Monday, August 30, 2010

"Take a trip with a friend."

Where missing teeth is a sign of a wisdom just as wrinkles on a Western man's brow, the deepest voids of the south have always been my favorite places to visit. While I may not live too far from this weekend's destination, my town is still vain enough to look down on overalls and tractors owned by shirtless men--despite our own share of such stereotypical commodities. "I am so excited," my friend, Elizabeth, said, quite earnestly. I always enjoy our little trips, and this would be my first time seeing her hometown. The trip was not very long, but the ride there had a few interesting sights, including, but not limited to: swamp, trees, cows, trees, vacant shacks, trees, Ford trucks older than the towns, trees, swamp, horses, trees and more trees. The towns stretched no more than ten miles and had nothing more than a gas station or two and a few trailer homes hidden in the woods. The people would sit on the side of the road or on stoops situated for snooping and wave politely at passing cars. In my town, any man who dared try would find himself diagnosed with one of the worst cases of carpal tunnel in medical history.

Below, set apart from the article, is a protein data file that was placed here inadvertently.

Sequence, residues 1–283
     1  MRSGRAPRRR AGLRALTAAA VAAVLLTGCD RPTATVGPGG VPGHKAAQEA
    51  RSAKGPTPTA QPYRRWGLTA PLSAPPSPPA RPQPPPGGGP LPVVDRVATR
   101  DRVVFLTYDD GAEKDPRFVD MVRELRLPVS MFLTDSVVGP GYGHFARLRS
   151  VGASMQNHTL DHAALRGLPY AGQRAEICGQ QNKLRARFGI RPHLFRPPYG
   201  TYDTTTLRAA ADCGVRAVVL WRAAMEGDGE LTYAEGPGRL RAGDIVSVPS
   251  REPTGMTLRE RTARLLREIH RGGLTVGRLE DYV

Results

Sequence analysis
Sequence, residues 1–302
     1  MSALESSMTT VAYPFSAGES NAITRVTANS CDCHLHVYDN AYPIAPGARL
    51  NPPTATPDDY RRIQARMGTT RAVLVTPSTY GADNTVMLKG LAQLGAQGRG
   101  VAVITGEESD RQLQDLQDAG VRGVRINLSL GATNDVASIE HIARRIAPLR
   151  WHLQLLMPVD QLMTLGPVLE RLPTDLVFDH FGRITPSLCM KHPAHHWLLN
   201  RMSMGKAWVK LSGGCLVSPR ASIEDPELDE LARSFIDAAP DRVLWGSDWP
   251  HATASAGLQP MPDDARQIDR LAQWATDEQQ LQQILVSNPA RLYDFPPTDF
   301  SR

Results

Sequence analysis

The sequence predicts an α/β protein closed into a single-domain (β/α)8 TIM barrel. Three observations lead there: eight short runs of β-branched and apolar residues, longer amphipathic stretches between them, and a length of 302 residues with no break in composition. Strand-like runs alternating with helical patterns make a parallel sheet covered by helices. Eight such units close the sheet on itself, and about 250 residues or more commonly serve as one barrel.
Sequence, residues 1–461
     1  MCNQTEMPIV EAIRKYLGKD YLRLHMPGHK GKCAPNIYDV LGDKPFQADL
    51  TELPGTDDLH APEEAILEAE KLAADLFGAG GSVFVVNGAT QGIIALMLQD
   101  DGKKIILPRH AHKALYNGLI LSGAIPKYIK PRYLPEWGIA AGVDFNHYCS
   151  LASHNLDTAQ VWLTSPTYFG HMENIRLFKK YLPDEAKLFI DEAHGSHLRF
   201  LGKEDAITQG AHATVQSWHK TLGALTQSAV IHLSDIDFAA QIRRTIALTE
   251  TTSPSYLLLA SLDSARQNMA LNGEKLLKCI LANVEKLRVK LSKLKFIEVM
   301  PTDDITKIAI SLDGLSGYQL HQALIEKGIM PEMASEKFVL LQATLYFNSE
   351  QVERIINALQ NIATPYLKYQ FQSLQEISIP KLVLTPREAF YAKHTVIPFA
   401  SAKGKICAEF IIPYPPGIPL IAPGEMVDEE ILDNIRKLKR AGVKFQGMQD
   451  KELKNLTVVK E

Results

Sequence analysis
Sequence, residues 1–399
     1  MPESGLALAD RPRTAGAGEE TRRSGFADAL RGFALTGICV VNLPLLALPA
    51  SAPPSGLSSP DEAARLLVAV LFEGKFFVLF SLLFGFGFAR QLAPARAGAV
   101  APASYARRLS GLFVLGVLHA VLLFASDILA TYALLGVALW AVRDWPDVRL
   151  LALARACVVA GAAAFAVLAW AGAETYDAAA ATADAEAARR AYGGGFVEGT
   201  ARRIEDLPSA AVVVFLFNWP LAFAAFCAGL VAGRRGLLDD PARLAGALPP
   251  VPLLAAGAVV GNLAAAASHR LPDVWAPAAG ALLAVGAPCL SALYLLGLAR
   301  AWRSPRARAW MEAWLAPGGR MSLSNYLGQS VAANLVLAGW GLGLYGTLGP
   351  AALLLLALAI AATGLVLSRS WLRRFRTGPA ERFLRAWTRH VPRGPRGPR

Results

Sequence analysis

Pushed into the center of an oddly organized tree farm, Elizabeth's house was quaint and full of wonderful things. After eating dinner at a small Chinese restaurant in the busy part of town--my craving for sweet and sour chicken finally at a draw with subsidence--I comfortably sunk into the couch waiting for me in her living room and watched hours of idle television. While the television set flashed pictures and illuminated the space with a blue light, I smoothed out the wrinkles in my fortune cookie's wrapper. It was the only one of four with a rose stamped on the thin plastic. I jumped at the chance to take it, and when I opened it, it read, "Take a trip with a friend." It was as if Confuscius, or whoever the "Master Kong" of Wong's Palace Restaurant might actually be, really knew of our plans for the weekend. At any rate, the two coincidences within this fortune gave me the feeling this cookie should be savored and the fortune saved--along with its rosy wrapper, too, of course.